We Two, How Long We Were Fool'd

A poem by Walt Whitman

We two, how long we were fool'd!
Now transmuted, we swiftly escape, as Nature escapes;
We are Nature, long have we been absent, but now we return;
We become plants, leaves, foliage, roots, bark;
We are bedded in the ground, we are rocks;
We are oaks, we grow in the openings side by side;
We browse, we are two among the wild herds, spontaneous as any;
We are two fishes swimming in the sea together;
We are what the locust blossoms are, we drop scent around the lanes, mornings and evenings;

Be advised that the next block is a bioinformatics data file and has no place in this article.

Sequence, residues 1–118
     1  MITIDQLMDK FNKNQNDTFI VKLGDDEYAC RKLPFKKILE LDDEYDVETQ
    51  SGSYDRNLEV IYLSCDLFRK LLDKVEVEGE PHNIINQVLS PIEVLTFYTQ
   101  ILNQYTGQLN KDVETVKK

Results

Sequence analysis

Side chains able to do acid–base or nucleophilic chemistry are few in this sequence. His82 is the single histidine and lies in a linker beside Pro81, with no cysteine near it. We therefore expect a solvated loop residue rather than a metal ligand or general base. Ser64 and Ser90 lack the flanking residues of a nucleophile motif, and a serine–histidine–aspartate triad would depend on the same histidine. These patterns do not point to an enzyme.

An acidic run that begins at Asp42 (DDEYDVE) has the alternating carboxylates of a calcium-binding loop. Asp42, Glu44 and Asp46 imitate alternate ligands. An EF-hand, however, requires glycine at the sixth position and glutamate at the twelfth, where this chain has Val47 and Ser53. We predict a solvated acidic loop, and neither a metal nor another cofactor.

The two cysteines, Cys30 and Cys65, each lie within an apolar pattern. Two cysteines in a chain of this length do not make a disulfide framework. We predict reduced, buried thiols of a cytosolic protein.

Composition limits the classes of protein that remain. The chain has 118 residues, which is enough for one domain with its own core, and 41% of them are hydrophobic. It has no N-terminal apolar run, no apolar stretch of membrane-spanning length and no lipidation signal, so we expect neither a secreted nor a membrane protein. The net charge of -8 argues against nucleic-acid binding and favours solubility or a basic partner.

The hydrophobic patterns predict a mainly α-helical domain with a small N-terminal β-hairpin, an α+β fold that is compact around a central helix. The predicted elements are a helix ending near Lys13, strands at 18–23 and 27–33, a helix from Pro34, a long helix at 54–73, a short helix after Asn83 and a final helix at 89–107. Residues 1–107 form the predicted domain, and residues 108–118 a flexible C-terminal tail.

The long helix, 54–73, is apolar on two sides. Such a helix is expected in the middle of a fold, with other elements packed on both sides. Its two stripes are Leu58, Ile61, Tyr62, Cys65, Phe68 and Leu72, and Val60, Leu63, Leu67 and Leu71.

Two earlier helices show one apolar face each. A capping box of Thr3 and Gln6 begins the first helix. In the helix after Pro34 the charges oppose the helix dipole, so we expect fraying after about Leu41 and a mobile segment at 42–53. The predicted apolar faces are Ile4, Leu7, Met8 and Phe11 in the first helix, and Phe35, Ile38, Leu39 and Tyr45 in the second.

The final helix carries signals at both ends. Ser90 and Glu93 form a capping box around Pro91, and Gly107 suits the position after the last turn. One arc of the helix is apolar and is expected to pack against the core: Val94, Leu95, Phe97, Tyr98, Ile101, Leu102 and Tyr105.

We are also the coarse smut of beasts, vegetables, minerals;
We are two predatory hawks, we soar above, and look down;
We are two resplendent suns, we it is who balance ourselves, orbic and stellar, we are as two comets;
We prowl fang'd and four-footed in the woods, we spring on prey;
We are two clouds, forenoons and afternoons, driving overhead;
We are seas mingling, we are two of those cheerful waves, rolling over each other, and interwetting each other;
We are what the atmosphere is, transparent, receptive, pervious, impervious:
We are snow, rain, cold, darkness, we are each product and influence of the globe;
We have circled and circled till we have arrived home again, we two have;
We have voided all but freedom, and all but our own joy.

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